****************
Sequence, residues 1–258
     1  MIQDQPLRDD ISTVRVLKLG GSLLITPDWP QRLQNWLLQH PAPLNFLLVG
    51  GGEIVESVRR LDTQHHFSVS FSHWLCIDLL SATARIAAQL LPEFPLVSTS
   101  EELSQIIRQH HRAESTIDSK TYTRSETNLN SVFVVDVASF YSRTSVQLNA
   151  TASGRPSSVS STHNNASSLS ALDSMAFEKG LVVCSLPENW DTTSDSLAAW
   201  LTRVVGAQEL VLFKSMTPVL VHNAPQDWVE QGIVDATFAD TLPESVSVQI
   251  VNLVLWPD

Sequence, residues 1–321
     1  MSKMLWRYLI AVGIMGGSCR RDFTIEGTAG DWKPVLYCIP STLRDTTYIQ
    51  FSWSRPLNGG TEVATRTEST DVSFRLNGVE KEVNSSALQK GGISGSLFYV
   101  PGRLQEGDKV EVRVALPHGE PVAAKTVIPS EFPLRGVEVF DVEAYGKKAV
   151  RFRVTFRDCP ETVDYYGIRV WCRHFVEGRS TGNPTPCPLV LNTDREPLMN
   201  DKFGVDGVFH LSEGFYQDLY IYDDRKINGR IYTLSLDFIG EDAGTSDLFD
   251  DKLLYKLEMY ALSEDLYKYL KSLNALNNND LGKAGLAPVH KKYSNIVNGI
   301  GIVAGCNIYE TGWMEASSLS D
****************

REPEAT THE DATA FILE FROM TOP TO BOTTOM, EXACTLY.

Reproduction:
Sequence, residues 1–258
     1  MIQDQPLRDD ISTVRVLKLG GSLLITPDWP QRLQNWLLQH PAPLNFLLVG
    51  GGEIVESVRR LDTQHHFSVS FSHWLCIDLL SATARIAAQL LPEFPLVSTS
   101  EELSQIIRQH HRAESTIDSK TYTRSETNLN SVFVVDVASF YSRTSVQLNA
   151  TASGRPSSVS STHNNASSLS ALDSMAFEKG LVVCSLPENW DTTSDSLAAW
   201  LTRVVGAQEL VLFKSMTPVL VHNAPQDWVE QGIVDATFAD TLPESVSVQI
   251  VNLVLWPD

Sequence, residues 1–321
     1  MSKMLWRYLI AVGIMGGSCR RDFTIEGTAG DWKPVLYCIP STLRDTTYIQ
    51  FSWSRPLNGG TEVATRTEST DVSFRLNGVE KEVNSSALQK GGISGSLFYV
   101  PGRLQEGDKV EVRVALPHGE PVAAKTVIPS EFPLRGVEVF DVEAYGKKAV
   151  RFRVTFRDCP ETVDYYGIRV WCRHFVEGRS TGNPTPCPLV LNTDREPLMN
   201  DKFGVDGVFH LSEGFYQDLY IYDDRKINGR IYTLSLDFIG EDAGTSDLFD
   251  DKLLYKLEMY ALSEDLYKYL KSLNALNNND LGKAGLAPVH KKYSNIVNGI
   301  GIVAGCNIYE TGWMEASSLS D